The collected time-series data were first segmented into 2.5 s epochs, each containing 1 s of rest, 0.5 s of stimulation, and another 1.5 s of rest. Epochs were then run through an unsupervised, dictionary-based artifact rejection pipeline as previously described (Caldwell et al., 2020) (Figure 2B). Briefly, this clusters each ECoG channel’s artifacts based on shape to create a dictionary, matches each individual artifact to its closest dictionary entry, and subtracts a scaled version of this template from the trace to flatten the artifact and approximate the underlying signal. Residual artifact (which was minimal) and additional high-amplitude spike-like noise (not uncommon in the intra-operative setting) lasting less than 0.5 ms were removed and the resulting gaps were linearly interpolated. Each trial was then visually examined, and trials with remaining high-amplitude noise were removed. An average of 1.67/90 trials were removed per subject.
After artifact removal, time-series epochs were lowpass filtered at 200 Hz using a fourth order Butterworth filter and down-sampled by a factor of 8, for an ultimate sampling rate of approximately 6 kHz. 60 Hz line noise and harmonics were removed with fourth order Butterworth notch filters. Finally, the data were baseline corrected by subtracting the mean voltage of a 0.5 s period before the start of each stimulation burst.
Evoked Potential Analysis
90 stimulation trains delivered at 3 V were processed for each subject, then grouped by bipolar stimulation pair. Average EPs from the 30 traces for each recording pair and stimulation condition were calculated (for example, see Figure 2C). The 100 ms period immediately following stimulation onset (t = 0 to 0.1 s) and the 100 ms period immediately following stimulation offset (t = 0.5 to 0.6 s) were extracted as the “start” and “end” EP windows respectively. For statistical contrast, an 800 ms period prior to burst onset (t = −0.95 to −0.15 s) was defined as a baseline. A z-transform over the entire EP period was used to standardize amplitudes across subjects, then the largest amplitude difference between a consecutive peak-to-trough or trough-to-peak pair was taken (“peak-to-trough measure,” Figure 2C-i). The latencies between the start of the EP period (stimulation onset or offset) and the positive and negative peaks were also noted.
Individual trials were too variable to get a reliable peak-to-trough measure, so the root mean square (RMS) of the EP was used to quantify deflection from the zero for individual trials (Prime et al., 2017; Shimada et al., 2017). RMS values of the z-scored trials were computed for the three time windows identified above (Figure 2C-ii). Because RMS is an average-based measure, having a longer baseline period did not inflate the values as compared to the EP periods, and a longer baseline allowed for a more stable estimate of “baseline” activity despite high trial-to-trial variability.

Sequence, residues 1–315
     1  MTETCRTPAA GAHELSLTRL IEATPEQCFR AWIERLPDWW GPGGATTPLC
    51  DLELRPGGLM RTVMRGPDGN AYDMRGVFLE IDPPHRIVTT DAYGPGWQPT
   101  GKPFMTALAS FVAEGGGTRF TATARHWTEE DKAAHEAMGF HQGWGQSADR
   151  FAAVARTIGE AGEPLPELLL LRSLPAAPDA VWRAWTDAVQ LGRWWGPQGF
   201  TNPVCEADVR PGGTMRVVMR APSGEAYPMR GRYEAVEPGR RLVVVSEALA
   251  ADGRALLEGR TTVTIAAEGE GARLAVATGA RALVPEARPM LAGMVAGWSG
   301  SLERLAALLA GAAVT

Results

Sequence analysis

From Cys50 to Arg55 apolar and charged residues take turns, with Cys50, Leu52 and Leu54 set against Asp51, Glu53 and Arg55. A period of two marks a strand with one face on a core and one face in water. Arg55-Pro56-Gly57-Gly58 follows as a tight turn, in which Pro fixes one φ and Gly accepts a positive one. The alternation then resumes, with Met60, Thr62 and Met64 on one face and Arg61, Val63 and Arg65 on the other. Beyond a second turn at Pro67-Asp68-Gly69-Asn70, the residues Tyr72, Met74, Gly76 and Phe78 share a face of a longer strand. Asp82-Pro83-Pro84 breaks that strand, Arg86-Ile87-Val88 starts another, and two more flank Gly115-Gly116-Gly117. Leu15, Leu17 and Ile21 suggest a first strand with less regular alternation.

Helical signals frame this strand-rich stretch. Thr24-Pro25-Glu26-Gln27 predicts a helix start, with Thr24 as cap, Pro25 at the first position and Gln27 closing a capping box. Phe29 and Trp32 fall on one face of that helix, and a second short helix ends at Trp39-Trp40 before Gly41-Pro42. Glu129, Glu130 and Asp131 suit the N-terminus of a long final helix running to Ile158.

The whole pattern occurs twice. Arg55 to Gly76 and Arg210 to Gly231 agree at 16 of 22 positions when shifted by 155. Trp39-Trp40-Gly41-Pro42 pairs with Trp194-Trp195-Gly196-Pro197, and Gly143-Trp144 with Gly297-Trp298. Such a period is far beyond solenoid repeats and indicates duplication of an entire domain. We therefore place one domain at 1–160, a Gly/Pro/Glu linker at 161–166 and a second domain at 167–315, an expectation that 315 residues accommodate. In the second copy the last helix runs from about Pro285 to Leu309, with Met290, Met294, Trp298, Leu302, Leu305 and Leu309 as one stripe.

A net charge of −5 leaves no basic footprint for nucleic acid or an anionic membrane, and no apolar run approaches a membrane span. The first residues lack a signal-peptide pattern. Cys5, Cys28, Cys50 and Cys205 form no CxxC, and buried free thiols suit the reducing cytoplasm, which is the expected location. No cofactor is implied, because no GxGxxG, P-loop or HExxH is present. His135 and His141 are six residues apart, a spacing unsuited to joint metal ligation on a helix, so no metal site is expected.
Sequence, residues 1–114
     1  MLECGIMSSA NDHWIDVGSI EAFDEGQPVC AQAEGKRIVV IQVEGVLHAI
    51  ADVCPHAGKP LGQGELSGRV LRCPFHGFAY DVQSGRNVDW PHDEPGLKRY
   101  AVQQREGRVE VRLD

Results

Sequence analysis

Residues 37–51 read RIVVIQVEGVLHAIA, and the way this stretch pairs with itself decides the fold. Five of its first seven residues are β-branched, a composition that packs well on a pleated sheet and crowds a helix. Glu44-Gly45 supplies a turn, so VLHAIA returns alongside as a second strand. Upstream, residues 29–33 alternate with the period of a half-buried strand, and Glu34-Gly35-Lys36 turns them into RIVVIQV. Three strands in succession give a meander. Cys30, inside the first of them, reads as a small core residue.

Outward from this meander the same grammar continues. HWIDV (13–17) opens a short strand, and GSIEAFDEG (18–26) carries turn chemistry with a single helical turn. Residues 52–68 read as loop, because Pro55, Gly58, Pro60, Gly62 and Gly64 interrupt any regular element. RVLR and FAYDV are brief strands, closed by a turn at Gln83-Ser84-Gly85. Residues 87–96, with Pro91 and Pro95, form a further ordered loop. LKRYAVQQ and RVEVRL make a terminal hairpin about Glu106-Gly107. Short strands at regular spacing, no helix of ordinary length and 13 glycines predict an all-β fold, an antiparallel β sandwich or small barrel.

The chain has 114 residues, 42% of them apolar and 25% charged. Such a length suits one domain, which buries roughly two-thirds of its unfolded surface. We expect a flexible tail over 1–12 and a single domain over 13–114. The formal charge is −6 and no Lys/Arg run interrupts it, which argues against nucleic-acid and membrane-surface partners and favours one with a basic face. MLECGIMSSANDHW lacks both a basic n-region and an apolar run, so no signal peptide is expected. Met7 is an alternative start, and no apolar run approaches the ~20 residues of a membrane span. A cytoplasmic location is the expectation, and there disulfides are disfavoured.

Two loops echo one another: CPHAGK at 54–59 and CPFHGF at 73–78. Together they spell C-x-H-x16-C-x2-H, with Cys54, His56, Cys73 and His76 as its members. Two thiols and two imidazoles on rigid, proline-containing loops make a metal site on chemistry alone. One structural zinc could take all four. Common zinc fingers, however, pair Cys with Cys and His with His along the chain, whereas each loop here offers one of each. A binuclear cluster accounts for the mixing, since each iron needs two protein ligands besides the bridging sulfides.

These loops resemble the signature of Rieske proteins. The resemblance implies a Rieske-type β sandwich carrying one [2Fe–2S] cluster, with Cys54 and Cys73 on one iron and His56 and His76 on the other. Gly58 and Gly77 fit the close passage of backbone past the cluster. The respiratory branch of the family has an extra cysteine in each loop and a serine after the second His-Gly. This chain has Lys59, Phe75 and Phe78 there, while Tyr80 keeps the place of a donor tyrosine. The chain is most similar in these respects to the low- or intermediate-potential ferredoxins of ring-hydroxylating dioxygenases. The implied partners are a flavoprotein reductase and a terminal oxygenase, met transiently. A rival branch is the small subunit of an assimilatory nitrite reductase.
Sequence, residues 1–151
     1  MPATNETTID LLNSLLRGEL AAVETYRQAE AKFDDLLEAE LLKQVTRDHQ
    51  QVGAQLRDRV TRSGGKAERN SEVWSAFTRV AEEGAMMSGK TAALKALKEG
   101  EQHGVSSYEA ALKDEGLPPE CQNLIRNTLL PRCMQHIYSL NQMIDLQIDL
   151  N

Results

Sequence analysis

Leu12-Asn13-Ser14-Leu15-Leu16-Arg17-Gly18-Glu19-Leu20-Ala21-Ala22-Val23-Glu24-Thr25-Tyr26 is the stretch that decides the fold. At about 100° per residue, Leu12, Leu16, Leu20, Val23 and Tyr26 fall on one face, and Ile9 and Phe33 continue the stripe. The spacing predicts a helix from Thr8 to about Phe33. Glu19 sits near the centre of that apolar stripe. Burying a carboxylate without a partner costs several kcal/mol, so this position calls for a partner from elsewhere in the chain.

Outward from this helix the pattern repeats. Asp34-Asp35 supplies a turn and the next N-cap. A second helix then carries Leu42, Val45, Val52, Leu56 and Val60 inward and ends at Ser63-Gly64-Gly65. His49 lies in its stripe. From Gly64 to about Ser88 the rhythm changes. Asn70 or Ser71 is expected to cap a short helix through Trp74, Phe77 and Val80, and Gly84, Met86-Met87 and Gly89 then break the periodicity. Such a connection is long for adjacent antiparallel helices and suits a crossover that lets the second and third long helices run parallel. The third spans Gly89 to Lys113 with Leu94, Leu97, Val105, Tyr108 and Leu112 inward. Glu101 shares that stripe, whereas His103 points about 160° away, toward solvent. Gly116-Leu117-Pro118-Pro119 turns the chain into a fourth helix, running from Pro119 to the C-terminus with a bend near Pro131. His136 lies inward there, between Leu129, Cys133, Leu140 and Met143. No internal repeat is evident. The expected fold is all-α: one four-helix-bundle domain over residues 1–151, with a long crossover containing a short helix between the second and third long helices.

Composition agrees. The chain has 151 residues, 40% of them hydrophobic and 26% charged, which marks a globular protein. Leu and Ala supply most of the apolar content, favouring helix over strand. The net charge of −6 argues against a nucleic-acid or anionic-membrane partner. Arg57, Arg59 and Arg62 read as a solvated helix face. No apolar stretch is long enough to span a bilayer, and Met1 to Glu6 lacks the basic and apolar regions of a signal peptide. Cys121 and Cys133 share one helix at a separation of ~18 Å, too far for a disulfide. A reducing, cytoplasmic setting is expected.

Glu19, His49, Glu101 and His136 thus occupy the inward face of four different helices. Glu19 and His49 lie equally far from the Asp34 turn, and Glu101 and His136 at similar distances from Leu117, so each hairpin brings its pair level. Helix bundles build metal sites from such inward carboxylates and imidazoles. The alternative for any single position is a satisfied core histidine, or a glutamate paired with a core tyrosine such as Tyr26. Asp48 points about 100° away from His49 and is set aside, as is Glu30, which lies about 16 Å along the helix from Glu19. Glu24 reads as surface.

Low gamma (30–80 Hz) and high gamma (80–150 Hz) power series were also constructed for each artifact-free trial, following the pre-processing steps described above. Fourth order Butterworth bandpass filters for the low and high gamma frequencies were applied to individual trials, then the square of the analytical amplitude from the Hilbert transform was taken as power time series. These were then baseline normalized to a period 0.5 to 0.1 s prior to stimulation onset using a z-transform (the median rather than the mean was used for the average because of the unstable baseline) to correct 1/f scaling. Using this baseline rather than the 800 ms baseline used in EP analysis allowed us to better avoid edge artifacts, leaving a 500 ms buffer on the front end of each trial. The median of the gamma-filtered series was taken over each set of trials to construct a single power series for each stimulation-recording electrode pair.
To identify non-zero EPs, the distributions of RMS measures for each trial of the EP period were compared to the RMS distribution of the corresponding trial’s baseline using a non-parametric, paired (signed rank) test. EPs that differed significantly (p < 0.05, FDR-corrected) from the baseline period were counted as “significant EPs” The median RMS of all trials for each significant EP, along with the latency values recorded from the average trace, was contrasted between the two EP periods using a non-parametric, unpaired (Wilcoxon rank-sum) test (significance cutoff of p < 0.05, FDR corrected).
RMS and latency values were then split by the Brodmann area (BA) of the corresponding cortical electrode. Only BAs with consistent coverage among subjects (1/2/3, 4, 6, and 7) were included in these analyses, although values for all other BAs (19, 39, 40) were pooled together and shown for transparency. Evoked activity for all recording electrodes and stimulation conditions, not just significant EPs, were included in this analysis. The start and end EP values for each metric were compared within each BA using Wilcoxon rank-sum test, and then the effect of BA on each metric within the start and end EPs was determined using a non-parametric, one-way analysis of variance (Kruskal-Wallis test). For metrics and EPs for which a significant (p < 0.05, FDR-corrected) effect was detected, post hoc testing (using MATLAB’s multcompare command) was performed to reveal significant differences between individual BAs.